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Re: Stopping That Truck !!

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The problem is really nonlinear.  In a similar design, that I did years ago
we looked closely at the deformations and deflections and the energy used
to cause them rather than the approximate equivalent static force.   We
assumed a force that would yield the major components, applied that force
and looked at the deformations and the total energy that would be expended
in the deformations and deflections.  When we could show that the energy
expended was greater than the energy of the moving truck and that the
deformation and deflections were within the ductility limits of the
materials making up the barrier we concluded that the design was adequate.

The crash test organizations may be able to give you a better guess at how
much energy is expended in deformation of the truck.  We made some very
conservative assumptions in that regard.





"Caldwell, Stan" <scaldwell(--nospam--at)halff.com> on 01/23/2002 08:32:33 AM

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Subject:  Stopping That Truck !!

Greetings, y'all:

Every now and then, and interesting problem comes along that is challenging
in its simplicity.  It is even more interesting if that problem is entirely
outside the realm of all common building and bridge codes and guidelines.
Structural engineers simply are ill-prepared to tackle problems which
involve moving objects, momentum, kinetic energy, potential energy, force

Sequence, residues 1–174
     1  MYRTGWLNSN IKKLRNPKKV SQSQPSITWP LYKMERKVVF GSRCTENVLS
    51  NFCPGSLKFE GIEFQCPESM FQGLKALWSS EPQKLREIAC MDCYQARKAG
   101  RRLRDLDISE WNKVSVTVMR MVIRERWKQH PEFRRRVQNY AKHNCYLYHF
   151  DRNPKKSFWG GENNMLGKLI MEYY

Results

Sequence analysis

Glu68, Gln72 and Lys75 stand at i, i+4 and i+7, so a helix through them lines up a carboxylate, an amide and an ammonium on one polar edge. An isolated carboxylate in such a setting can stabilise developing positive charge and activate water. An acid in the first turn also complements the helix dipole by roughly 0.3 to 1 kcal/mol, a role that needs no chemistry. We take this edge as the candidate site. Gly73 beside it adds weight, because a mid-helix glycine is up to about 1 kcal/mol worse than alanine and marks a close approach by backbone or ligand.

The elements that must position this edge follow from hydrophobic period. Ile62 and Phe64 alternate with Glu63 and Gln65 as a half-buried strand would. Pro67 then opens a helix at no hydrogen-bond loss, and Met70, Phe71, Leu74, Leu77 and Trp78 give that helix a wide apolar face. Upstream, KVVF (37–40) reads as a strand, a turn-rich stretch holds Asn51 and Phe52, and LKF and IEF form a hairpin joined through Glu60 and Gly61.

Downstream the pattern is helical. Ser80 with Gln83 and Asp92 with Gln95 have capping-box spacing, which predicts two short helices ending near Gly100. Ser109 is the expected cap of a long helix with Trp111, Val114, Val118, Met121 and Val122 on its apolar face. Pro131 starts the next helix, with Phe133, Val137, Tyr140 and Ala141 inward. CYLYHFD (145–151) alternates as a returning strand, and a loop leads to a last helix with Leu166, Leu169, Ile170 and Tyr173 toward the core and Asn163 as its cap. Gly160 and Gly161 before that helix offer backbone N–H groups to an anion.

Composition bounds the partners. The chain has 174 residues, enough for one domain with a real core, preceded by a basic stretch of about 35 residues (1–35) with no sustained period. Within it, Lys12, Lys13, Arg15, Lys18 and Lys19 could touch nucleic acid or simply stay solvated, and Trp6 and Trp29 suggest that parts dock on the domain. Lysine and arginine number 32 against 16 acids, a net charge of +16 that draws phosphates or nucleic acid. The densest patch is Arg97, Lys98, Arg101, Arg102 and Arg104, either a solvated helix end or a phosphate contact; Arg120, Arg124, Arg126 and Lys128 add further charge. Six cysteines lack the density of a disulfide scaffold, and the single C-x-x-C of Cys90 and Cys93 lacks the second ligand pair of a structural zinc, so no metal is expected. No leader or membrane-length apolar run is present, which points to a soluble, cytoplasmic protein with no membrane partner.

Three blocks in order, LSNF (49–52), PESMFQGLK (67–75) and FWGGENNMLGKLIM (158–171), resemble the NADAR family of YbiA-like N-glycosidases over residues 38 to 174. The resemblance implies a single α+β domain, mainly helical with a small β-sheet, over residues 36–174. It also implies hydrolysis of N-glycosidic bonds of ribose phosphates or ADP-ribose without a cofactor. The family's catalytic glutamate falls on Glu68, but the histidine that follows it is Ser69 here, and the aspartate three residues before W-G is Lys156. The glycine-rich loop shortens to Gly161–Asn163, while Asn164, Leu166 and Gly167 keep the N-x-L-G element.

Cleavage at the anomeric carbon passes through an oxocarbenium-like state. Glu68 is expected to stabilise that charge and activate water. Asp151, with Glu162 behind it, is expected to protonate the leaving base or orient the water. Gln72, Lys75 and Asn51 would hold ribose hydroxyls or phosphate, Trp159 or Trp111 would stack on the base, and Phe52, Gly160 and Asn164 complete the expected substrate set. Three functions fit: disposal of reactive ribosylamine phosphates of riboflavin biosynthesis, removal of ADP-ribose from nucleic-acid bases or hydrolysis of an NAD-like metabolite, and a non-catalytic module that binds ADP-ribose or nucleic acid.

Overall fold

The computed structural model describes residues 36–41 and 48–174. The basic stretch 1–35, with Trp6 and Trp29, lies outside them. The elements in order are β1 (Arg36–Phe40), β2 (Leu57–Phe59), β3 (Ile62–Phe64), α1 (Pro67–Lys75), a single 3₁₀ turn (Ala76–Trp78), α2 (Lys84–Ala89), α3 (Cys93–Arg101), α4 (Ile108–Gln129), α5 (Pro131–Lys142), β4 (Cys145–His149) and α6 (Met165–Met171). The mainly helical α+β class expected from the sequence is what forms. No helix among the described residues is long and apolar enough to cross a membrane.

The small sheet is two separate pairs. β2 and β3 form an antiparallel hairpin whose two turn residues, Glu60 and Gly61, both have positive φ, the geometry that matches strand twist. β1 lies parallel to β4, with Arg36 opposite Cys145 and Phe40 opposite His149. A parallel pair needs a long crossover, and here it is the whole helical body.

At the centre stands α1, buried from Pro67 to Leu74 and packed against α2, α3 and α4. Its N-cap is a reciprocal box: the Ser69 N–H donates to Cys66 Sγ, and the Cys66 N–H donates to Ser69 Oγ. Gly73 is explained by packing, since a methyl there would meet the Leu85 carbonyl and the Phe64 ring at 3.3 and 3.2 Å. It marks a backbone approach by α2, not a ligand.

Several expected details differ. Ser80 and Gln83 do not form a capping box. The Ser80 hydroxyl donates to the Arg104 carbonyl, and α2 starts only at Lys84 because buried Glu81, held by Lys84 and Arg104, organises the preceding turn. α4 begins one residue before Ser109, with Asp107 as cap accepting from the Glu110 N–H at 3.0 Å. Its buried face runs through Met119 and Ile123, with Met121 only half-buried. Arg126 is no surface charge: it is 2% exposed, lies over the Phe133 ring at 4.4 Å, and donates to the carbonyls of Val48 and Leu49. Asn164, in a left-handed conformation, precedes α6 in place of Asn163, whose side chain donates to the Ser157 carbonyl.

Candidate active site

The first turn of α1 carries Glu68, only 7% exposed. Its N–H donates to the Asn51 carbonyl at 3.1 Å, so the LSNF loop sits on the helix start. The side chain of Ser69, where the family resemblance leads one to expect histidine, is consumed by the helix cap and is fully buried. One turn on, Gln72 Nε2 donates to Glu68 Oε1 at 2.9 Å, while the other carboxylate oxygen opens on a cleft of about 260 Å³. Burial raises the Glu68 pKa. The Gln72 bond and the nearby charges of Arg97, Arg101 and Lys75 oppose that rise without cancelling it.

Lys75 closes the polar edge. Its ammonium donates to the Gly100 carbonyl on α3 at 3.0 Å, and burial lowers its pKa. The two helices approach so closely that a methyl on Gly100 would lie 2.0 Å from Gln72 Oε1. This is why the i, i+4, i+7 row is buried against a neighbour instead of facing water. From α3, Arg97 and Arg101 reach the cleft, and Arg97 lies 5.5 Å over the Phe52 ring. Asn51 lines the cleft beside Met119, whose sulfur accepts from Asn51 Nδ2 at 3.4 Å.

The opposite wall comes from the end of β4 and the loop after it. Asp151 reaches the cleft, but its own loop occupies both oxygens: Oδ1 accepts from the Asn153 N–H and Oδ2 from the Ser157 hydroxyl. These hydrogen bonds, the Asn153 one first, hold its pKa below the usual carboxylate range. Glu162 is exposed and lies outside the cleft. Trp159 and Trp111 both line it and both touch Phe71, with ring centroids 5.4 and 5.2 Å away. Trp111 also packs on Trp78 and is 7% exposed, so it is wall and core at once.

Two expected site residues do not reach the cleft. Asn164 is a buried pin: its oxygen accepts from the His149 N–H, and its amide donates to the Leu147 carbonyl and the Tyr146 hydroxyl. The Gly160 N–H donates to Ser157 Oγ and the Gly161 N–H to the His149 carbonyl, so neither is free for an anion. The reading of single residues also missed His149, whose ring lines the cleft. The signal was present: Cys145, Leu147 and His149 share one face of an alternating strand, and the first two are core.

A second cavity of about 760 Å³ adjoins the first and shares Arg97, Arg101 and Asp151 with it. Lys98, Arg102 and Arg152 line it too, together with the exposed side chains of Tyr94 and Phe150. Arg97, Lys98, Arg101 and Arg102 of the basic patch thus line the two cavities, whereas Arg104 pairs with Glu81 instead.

due to deceleration, and acceptable structural failure.  We are struggling
with just such a problem right now:

A client in the defense industry wants to construct a security fence around
the perimeter of their industrial campus.  The fence is to be comprised of
bollards nominally spaced at 12 ft., connected with a continuous wire rope.
Each bollard will be comprised of a 12" X 12" concrete post over a 18" dia.
concrete pier.  The posts will extend about 3 ft. above grade, and the
piers
will extend 6 ft. to 8 ft. into black clay.  Reinforcement will be
continuous between the piers and posts, either with #8 rebars or with small
rolled shapes.  The 1" dia. wire rope will pass through the bollards about
30" above grade, and will sag about 2" between bollards.  The client has
specified that the fence must stop a 7500 lb. truck with a C.G. at 3 ft.
above grade, traveling at a speed of 20 mph or less.

Question:  What is the design force on the bollard?  on the wire rope?

Six normally intelligent structural engineers have calculated answers
ranging form 3 Kips to 980 Kips, with the majority thinking somewhere
between 50 and 100 Kips.  What do you think?

Before you jump to an answer, you should consider the following factors:

1]    The softest, and least known, spring is the soil ... and it's
stiffness changes seasonally.

2]    The next softest, and ill-defined, spring is the truck bumper and
chassis.

3]    The bollard can "fail" into a full plastic hinge (or beyond), just as
long as it stops the truck.

4]    The two most important variables are time and distance, which, of
course, are both indeterminant.

Who out there can think "outside the box" and solve this problem?

Stan R. Caldwell, P.E.
Dallas, Texas

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